Welcome to Thinque Prep's series on the UC Personal Insight Question responses. You can access other posts in the series at the following links...
This post will focus on the second Personal Insight Question option, which is concerned with creativity.
Here's the text of PIQ #2, straight from UC's website:
Every person has a creative side, and it can be expressed in many ways: problem solving, original and innovative thinking, and artistically, to name a few. Describe how you express your creative side.
I can only speak for myself, but when I hear the word "creative," I think of things that might be more traditionally thought of as artistic, like painting, music, and literature. However, as the PIQ itself points out, we can express creativity in so many ways beyond drawing, writing, or playing instruments.
I also want to remind you that your topic for this PIQ (or any PIQ, for that matter) doesn't have to be something you participate in at school. It doesn't even have to be organized (i.e. in a group setting); it can just be something you enjoy and find meaningful on your own.
To help with brainstorming, I came up with a few "nontraditional" examples of creative expression - some broader, some more specific:
Coding original projects
Making handcrafted goods
Writing speeches for school campaigns or special occasions
Performing in plays and musicals
Coming up with ideas for inventions
Creating new games to play with family and friends
Practicing and performing magic tricks
Solving a difficult problem by coming up with a creative solution
You may notice that all but one of these bullet points are pretty "concrete" activities, meaning that you definitely know if you've done them before. The very last one, on the other hand, is more nebulous. It's likely that you have "solved a difficult problem by coming up with a creative solution" before, but nothing comes to your mind right away. That's okay. I just want you to know that, if an experience does come to mind in this category, it could also work as great material for a PIQ #2 essay. I'll get to that in a minute.
Questions to Consider
If you choose to write about a topic OTHER than creative problem solving, then your essay should answer these essential questions:
What activity do you do to express your creative side?
How do you do this activity (in DETAIL)?
What kinds of skills has this activity helped you develop?
Why is it meaningful to you?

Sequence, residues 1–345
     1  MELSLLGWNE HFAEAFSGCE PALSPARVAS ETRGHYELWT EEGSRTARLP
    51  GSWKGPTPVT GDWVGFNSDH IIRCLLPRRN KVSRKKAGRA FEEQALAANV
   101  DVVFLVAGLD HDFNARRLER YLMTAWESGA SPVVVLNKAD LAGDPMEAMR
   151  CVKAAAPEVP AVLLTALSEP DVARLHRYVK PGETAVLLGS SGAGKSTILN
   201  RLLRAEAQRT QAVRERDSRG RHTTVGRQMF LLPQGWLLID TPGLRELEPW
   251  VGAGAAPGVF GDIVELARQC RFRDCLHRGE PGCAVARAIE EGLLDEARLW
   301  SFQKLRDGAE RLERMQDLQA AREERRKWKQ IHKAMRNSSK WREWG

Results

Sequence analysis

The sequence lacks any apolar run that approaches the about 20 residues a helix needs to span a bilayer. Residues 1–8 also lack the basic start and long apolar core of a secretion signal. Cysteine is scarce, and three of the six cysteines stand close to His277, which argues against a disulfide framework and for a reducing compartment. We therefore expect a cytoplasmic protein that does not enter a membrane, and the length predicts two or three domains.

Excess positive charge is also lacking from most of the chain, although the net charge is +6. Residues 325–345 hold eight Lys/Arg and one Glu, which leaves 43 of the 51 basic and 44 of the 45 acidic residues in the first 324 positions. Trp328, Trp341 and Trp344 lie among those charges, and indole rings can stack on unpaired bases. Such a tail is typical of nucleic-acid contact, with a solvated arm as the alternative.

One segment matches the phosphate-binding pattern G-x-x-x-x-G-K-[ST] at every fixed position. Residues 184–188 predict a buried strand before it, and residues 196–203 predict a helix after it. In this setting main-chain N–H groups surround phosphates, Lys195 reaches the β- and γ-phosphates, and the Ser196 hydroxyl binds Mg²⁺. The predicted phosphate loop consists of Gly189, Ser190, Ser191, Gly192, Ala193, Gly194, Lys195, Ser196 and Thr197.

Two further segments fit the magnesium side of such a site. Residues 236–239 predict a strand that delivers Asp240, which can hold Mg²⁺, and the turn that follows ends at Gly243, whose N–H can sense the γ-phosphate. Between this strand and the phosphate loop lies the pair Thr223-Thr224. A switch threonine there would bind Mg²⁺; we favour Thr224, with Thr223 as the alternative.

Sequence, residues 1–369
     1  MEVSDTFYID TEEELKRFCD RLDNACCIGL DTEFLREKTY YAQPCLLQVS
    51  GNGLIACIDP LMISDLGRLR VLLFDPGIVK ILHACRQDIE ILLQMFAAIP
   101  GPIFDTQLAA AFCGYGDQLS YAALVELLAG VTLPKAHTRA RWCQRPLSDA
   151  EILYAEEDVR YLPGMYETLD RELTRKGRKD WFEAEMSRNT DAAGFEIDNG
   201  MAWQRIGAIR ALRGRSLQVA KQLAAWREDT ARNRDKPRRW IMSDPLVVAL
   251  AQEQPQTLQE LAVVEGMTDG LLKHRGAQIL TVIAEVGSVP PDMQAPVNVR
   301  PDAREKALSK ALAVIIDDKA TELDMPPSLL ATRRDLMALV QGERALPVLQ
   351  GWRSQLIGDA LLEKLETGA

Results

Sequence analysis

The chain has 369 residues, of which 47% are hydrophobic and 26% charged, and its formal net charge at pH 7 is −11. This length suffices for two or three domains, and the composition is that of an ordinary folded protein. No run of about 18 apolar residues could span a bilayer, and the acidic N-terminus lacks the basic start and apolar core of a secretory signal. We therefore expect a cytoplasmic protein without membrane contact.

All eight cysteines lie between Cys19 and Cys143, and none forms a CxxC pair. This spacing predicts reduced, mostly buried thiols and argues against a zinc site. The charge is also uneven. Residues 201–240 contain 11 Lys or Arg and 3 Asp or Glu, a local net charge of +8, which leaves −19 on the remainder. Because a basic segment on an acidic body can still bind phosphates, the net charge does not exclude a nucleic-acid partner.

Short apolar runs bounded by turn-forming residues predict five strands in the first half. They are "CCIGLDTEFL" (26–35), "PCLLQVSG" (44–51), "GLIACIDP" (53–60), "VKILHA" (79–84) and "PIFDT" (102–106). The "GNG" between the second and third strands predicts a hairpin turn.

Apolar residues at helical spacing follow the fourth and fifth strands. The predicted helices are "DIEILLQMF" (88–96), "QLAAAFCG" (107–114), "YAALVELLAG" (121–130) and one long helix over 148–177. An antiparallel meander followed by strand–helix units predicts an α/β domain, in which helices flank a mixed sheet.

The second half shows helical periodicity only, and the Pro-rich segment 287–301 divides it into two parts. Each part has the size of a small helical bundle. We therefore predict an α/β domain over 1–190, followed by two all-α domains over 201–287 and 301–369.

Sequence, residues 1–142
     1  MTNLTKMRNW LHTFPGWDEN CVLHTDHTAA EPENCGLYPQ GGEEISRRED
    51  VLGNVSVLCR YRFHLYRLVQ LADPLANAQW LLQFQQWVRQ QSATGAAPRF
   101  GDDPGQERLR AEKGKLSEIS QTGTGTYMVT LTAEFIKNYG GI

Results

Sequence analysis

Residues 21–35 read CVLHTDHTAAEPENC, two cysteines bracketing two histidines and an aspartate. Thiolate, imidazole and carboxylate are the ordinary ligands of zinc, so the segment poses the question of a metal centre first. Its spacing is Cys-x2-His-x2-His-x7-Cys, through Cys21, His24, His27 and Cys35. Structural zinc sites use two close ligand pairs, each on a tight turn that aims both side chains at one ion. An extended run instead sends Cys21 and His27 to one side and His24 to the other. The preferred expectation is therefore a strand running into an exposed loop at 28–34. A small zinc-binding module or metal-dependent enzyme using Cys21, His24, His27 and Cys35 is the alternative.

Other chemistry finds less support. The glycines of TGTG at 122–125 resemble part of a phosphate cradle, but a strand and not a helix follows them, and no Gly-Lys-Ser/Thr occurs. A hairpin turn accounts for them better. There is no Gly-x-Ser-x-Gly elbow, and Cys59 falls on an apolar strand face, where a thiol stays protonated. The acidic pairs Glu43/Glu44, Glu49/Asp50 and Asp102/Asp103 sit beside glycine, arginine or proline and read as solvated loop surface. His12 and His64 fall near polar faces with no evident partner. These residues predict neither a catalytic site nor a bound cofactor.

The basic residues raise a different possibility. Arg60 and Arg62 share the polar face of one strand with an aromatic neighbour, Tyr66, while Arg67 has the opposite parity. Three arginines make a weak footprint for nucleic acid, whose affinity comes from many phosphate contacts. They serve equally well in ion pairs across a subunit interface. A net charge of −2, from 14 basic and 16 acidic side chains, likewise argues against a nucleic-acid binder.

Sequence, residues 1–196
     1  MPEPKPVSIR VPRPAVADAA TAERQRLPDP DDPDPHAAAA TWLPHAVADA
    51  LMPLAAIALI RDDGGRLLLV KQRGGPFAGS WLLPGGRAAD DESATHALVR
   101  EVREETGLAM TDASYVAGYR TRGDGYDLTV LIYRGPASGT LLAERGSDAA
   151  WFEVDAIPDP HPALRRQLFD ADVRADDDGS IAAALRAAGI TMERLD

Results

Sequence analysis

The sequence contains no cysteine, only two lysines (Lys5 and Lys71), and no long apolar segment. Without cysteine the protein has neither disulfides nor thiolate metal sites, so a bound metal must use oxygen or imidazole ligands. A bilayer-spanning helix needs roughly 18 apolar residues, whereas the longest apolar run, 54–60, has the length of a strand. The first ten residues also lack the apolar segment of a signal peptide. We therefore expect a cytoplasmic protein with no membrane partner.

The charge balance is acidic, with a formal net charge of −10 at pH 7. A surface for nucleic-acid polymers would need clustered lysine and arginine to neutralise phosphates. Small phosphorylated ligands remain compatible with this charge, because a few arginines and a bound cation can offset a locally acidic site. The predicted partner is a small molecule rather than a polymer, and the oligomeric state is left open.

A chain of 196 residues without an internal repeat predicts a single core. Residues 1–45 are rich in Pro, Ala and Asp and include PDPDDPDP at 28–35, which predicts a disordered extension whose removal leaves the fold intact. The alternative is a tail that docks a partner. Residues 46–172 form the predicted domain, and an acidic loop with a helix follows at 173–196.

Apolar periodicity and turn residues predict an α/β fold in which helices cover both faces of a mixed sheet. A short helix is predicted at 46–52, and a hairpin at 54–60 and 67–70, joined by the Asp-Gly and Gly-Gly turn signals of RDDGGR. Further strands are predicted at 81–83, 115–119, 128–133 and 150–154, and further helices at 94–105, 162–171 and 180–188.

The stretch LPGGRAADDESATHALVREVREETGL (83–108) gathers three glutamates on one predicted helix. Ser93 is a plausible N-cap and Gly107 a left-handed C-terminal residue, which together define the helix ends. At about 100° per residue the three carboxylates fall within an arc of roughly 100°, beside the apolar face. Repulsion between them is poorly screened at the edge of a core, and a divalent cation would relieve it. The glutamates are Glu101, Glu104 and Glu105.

To bring these questions to life, let me provide some quick answers to them, using an imaginary persona and their activity of choice...
What activity do you do to express your creative side? I perform in plays and musicals with a community theatre group.
How do you do this activity (in DETAIL)? I've performed different roles in the musicals Into the Woods, Crazy for You, South Pacific, and West Side Story and the plays You Can't Take it With You, All My Sons, and The Miracle Worker. Each of these shows has required 2-4 months of preparation. We typically rehearse 3 times a week, either with the whole cast or in small groups based on scenes and musical numbers. If I'm having trouble with particular dance moves or lines, I often organize separate rehearsal sessions at my house so I can work on them together with other cast members.
What kinds of skills has this activity helped you develop? Playing different roles has taught me about empathy. I always try to understand my characters' emotions and motivations and see the humanity in them even if they're very different from myself. This has helped me look at my family, friends, and neighbors in more compassionate ways. Theatre has also helped me develop discipline and commitment to excellence. At the beginning of rehearsals, the cast always sounds pitchy and looks clumsy, but over the course of months, we're able to transform into a skillful and polished ensemble through hard work and dedication. I really take pride in what I'm able to present on stage and I'm committed to putting in long hours so I can help transport audiences to the time and place they've come to escape in.
Why is it meaningful to you? Performance is meaningful to me because it allows me to harness all of the powerful feelings I experience in day-to-day life - both positive and negative - and channel them into creating an experience for others to feel immersed in and enjoy. Constantly performing different roles gives me exciting opportunities to practice other ways of speaking, behaving, and moving through the world. This reminds me of how much freedom I have in my "real" life to choose my own identity and avoid being "stuck" in one place, believing I have to keep doing something or behaving a certain way just because that's what I'm used to or that's what society thinks I should do. I have the power to determine my destiny and change the world around me, and performance keeps me aware of and excited about that power.